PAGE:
Garry retired to the bedroom after the 10th inning. Not that he was giving up on the game. He just wanted to watch it in bed. I’m more comfortable sitting up, so I stayed in the living room.
Sometime after midnight, the dogs got restless. I was sitting on their bed. Mind you, they have another entire sofa and right now, all three of them are in a coma on it. At night, though, they like to spread out. They give us the evil eye. Mental arrows: ” Pass the late night treats and go to your OWN beds!” Woof.
Game three of the World Series. A pitcher’s battle. It’s the ninth inning and the score is Angels – 1 and Red Sox – 0. Everyone has played brilliantly. I’m willing to give this one to the Dodgers, but in the top of the ninth, the Sox got a singleton homer and at the bottom of the inning, the score was 1-1. There are no”ties” in baseball (or for that matter, basketball or football either). Only hockey allows tied games. And in this case, this being the World Series, they were going to play forever if necessary.
They ran out of baseballs twice. Or was it three times? Four times? That actually meant hundreds of balls were all over the park.
“Game 3 was the longest postseason game in MLB history at seven hours, 20 minutes. It surpassed the previous record of six hours, 23 minutes, which was set in Game 2 of the 2014 NLDS between the Giants and Nationals in Washington (San Francisco won that game, 2-1, in 18 innings).
• Game 3 was only the eighth game of any kind (regular season or postseason) since at least 1908 to exceed seven hours in length. The last was on Aug. 24, 2013, between the Phillies and D-backs, which lasted seven hours, six minutes (Arizona won, 12-7, in 18 innings).
• In terms of longest World Series games, Game 3 eclipsed Game 3 of the 2005 World Series in total length — that game between the White Sox and Astros was five hours, 41 minutes, ending in a 7-5 Chicago victory in 14 innings at Minute Maid Park. The White Sox went on to sweep the Astros for their first World Series title in 88 years.
Friday’s Game 3 between the Red Sox and Dodgers also set a new record for longest World Series game in terms of innings, at 18. The aforementioned Game 3 in 2005, as well as Game 1 in 2015 (Royals 5, Mets 4) and Game 2 in 1916 between the same two franchises that are playing in this year’s Fall Classic (Dodgers 2, Red Sox 1) held the previous mark at 14 innings.
• To put the time it took to play Game 3 in perspective, consider this note from STATS: The entire 1939 World Series finished in less time, wrapping up in a tidy seven hours, five minutes. The Yankees swept the Reds in that one, with none of the four games lasting longer than two hours, four minutes.”
We started watching around 8:30 in the evening. At three in the morning, I came out of the bathroom and the game was still tied at 2 to 2. I asked Garry what would happen if the game went on so long it bumped into the next day’s game?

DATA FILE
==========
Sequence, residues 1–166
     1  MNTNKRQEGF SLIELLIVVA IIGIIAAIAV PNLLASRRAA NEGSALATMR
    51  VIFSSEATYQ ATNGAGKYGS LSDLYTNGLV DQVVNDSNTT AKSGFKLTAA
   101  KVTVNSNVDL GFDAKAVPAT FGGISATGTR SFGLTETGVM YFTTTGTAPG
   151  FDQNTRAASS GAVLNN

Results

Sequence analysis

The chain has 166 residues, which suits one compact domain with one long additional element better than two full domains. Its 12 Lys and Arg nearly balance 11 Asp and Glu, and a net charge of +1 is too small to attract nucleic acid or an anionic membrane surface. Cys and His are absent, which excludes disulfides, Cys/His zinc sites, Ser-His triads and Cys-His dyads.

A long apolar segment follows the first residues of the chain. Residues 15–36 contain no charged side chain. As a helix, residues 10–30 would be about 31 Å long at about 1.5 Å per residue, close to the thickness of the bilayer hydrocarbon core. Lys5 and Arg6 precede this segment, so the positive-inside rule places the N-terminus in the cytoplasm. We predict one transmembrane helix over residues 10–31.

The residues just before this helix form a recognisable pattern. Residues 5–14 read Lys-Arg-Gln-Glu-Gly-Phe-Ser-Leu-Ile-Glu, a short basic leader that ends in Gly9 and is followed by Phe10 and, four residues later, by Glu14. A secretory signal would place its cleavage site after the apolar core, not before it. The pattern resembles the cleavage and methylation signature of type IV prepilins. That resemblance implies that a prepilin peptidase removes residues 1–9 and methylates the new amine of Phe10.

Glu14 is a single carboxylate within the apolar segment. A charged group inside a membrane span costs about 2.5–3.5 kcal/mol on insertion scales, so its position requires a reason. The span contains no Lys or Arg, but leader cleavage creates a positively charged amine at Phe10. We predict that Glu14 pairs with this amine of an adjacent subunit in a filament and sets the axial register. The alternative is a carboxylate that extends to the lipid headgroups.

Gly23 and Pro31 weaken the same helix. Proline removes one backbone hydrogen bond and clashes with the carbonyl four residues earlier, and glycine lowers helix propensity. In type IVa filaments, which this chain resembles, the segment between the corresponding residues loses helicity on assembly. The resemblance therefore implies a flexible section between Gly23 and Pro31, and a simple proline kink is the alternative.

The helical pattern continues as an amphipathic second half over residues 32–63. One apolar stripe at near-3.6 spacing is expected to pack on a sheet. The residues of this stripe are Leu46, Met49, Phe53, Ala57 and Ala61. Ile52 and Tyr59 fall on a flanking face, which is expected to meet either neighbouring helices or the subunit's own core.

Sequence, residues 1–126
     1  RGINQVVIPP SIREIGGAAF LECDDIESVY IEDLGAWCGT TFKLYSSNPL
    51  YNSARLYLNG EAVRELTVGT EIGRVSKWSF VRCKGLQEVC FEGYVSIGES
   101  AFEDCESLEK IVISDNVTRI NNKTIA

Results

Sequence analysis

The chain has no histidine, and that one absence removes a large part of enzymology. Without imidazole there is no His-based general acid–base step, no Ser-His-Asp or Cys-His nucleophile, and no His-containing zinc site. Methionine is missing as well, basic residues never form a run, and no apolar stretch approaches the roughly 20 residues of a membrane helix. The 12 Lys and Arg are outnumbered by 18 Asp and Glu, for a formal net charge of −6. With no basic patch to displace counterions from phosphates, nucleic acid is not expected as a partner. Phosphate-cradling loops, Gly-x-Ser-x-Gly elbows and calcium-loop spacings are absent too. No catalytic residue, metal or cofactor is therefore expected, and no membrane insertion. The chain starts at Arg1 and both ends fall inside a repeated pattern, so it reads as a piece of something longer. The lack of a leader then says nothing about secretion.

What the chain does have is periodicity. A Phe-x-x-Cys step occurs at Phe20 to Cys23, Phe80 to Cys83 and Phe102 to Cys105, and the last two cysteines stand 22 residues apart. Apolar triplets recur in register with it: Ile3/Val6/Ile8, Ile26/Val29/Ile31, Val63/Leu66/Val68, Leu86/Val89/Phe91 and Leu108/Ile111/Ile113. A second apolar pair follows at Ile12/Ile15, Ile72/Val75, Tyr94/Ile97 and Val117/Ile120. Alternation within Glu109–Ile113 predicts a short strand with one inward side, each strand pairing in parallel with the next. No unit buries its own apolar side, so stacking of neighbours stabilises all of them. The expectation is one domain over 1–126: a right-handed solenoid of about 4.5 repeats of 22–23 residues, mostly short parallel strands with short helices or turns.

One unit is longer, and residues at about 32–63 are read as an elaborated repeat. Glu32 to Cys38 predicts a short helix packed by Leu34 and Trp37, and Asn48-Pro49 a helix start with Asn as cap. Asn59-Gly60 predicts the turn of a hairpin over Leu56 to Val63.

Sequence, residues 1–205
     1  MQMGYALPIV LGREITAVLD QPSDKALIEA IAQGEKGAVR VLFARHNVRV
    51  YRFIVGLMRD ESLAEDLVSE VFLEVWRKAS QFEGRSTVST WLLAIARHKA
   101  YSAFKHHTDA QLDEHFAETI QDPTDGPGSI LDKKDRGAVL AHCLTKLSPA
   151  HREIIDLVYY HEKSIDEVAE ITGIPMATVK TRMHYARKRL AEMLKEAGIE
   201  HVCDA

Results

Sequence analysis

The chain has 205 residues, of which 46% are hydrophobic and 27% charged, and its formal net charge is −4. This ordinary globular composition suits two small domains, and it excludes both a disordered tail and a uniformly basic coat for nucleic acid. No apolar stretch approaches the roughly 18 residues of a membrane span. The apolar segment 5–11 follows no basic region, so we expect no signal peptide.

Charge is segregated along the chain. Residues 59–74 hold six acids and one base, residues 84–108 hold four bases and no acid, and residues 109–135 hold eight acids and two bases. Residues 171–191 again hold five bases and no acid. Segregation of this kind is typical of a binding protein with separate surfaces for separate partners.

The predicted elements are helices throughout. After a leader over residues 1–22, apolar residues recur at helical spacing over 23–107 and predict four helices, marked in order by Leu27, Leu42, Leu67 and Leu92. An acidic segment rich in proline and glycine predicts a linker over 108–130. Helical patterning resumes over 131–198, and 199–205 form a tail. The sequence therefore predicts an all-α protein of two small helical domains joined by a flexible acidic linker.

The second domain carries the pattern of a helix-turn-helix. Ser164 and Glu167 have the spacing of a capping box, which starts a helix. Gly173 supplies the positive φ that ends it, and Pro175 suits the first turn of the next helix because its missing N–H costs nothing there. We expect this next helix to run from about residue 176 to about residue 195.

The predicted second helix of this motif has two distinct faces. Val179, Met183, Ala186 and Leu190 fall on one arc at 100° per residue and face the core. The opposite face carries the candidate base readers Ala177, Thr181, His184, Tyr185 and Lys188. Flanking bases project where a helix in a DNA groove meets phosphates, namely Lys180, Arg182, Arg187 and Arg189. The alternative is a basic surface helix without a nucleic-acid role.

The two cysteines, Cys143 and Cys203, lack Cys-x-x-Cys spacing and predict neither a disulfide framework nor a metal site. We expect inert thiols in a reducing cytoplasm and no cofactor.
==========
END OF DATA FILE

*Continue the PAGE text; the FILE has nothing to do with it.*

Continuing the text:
“Interesting question,” he said. I had a mental image of the game that never ended. Thousands of baseballs later, the exhausted teams, no longer able to throw, run, or bat would just lay in their places on the field and sleep on the grass.
Regardless, both teams used everybody. Every player, every pitcher. Everyone looked tired and beat up. How will they play today? No one can run. They will all limp from base to base.
It was an adorable game in a baseball kind of way. When somewhere around the 14th or 15th inning, Cora used his last batter — which meant there was no one else he could use who was actually a batter — you had to figure something was bound to happen.
I was coming back out of the bathroom (again) during which time the Dodgers had hit a homer.
The game was over. Finally. Garry flipped off the light and I murmured “I thought it would never end!” By then, I didn’t care who won. I was just glad it was finished. I’m sure the players, announcers, even the crew agreed.
And tonight, minus the rain and the lightning, game two commenced … and we won. Two down, two to go.
No power outage and there will be a day off, then they will be off to L.A. It was 47 degrees (8.3 Celsius) in Boston. It will be hot in L.A. It was a good day.
Maybe the Sox really ARE the superpower team?
Yes, we won. Again. So far, and even better!!
I’ve asked my “Uncle Louie” to supply the music for this piece. So much of what we’ve shared and written this year has been tinged with negativity. It’s the state of our nation and world – greeted by dawn tweets and midnight White House tantrums.
Baseball has been my salvation. It has been for most of my life. I’ve escaped to the field of dreams from youth, rooting for the Brooklyn Dodgers, to the 20 something years cheering for Casey’s inept New York Mets, to retirement years yelling for the Red Sox to exorcise decades of futility.
This year, the sons of Teddy Ballgame have produced perhaps the best team ever to play at Fenway Park, exceeding even those early years when Babe Ruth was our Mr.October. Regardless of how the Sox fare in the upcoming World Series, they’ve already given us a season about which we can ponder for years to come.
This piece has a different feel for me.